High- and low- intensity exercises could influence your brain differently

In a new study, researchers found for the first time that low and high exercise intensities differentially influence brain function.

They discovered that low-intensity exercise triggers brain networks involved in cognition control and attention processing, while high-intensity exercise primarily activates networks involved in affective/emotion processing.

The research was conducted by a team at University Hospital Bonn.

In the study, the team used resting-state functional magnetic resonance imaging (Rs-fMRI), a noninvasive technique that allows for studies on brain connectivity.

Twenty-five male athletes underwent individual assessments using an incremental treadmill test. On separate days they performed low- and high-intensity exercise bouts for 30 minutes.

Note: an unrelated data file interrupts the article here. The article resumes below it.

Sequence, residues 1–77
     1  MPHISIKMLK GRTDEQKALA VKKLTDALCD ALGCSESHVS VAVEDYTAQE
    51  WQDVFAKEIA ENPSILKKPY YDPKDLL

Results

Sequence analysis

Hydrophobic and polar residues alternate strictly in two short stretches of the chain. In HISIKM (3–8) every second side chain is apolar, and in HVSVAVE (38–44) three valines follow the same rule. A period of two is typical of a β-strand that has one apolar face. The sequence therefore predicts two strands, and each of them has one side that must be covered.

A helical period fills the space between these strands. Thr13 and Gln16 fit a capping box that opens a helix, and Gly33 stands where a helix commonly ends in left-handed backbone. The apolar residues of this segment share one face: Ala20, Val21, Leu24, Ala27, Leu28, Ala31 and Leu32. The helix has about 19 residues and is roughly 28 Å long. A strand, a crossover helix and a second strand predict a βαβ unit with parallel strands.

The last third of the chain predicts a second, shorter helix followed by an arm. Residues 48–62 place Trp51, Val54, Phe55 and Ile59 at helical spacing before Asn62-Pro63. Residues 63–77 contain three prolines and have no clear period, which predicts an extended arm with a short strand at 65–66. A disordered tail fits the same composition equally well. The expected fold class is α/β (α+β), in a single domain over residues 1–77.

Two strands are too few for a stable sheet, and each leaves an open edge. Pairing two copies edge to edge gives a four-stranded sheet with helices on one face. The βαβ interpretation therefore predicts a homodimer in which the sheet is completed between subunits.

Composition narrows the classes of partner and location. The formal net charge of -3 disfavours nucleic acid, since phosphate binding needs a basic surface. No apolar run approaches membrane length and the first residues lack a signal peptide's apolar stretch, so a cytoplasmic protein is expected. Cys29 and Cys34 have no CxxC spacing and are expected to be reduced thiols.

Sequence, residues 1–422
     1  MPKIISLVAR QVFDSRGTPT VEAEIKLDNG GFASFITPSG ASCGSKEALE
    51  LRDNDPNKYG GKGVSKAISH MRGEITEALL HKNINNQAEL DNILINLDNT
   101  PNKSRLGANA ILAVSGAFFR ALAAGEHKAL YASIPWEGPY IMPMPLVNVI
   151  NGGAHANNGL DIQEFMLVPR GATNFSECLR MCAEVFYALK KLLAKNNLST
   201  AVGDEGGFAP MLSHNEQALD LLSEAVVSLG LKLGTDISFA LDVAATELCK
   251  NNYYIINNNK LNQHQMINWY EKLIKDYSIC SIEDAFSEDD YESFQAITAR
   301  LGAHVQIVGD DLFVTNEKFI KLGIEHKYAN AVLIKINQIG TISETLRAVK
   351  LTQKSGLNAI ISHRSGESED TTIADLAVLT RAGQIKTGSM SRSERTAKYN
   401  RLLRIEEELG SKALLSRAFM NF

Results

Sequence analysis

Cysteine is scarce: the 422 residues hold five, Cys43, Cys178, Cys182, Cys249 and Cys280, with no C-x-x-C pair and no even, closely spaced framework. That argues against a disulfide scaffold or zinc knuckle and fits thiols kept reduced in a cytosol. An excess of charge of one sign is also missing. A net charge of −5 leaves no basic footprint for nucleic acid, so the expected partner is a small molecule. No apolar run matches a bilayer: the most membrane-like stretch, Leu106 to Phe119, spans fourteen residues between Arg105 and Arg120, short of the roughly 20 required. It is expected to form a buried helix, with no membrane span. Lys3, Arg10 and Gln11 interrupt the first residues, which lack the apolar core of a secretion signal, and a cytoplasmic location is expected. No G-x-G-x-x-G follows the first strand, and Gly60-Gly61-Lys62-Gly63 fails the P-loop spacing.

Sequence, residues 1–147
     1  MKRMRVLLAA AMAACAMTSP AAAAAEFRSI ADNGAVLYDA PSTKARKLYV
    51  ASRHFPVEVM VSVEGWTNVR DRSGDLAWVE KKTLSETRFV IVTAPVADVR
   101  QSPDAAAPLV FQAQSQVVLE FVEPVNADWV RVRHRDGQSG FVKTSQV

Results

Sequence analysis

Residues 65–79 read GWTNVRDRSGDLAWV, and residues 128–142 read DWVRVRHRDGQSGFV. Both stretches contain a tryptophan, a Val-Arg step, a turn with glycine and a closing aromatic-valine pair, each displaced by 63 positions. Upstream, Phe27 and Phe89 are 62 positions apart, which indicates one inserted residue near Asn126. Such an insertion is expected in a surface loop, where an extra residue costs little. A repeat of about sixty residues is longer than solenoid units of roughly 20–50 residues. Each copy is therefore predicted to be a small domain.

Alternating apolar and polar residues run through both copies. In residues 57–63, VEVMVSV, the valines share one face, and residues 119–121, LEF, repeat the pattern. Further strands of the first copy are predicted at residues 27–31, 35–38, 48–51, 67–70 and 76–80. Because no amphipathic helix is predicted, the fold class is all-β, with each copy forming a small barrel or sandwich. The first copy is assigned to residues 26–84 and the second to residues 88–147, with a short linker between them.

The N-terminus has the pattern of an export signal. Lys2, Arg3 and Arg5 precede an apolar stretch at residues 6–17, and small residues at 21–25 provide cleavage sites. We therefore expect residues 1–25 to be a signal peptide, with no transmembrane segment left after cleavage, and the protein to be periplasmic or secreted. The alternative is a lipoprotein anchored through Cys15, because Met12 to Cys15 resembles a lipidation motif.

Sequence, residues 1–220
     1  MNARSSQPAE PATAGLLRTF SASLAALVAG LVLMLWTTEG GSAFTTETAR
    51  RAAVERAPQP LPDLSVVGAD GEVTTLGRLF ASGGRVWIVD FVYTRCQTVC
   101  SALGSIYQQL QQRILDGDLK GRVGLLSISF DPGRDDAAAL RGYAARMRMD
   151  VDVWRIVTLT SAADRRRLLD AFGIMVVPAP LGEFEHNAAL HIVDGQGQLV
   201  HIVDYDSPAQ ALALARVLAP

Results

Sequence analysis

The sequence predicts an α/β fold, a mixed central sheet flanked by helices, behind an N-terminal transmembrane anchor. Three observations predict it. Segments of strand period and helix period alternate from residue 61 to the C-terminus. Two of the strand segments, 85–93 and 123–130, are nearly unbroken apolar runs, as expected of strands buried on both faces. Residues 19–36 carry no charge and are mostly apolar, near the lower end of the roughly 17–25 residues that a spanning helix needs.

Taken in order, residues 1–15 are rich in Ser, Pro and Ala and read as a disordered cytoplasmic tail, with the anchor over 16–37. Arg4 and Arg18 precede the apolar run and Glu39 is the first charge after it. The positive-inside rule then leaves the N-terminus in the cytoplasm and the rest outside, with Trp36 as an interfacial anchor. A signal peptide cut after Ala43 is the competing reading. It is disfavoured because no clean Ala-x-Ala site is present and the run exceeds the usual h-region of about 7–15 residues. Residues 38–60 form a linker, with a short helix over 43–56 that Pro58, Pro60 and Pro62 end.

Before and after exercising, Rs-fMRI was used to examine the functional connectivity of different brain regions that are linked to specific behavioral processes.

Participants also completed a questionnaire to measure positive and negative mood before and after the exercise.

The team found a big increase in positive mood after both exercise intensities and no change in a negative mood.

The results of the Rs-fMRI tests showed that low-intensity exercise led to increased functional connectivity in networks associated with cognitive processing and attention.

High-intensity exercise, on the other hand, led to increased functional connectivity in networks related to affective, emotional processes.

High-intensity exercise also led to decreased functional connectivity in networks associated with motor function.

The researchers note that this is the first study to report the distinct effects of exercise intensity on specific functional networks within the brain at rest.

Future research may pave the way for supportive clinical applications in patients or for enhancing brain functional plasticity.

The lead authors of the study are Angelika Schmitt, MSc, and Henning Boecker, MD, Functional Neuroimaging Group.

The study is published in Brain Plasticity.

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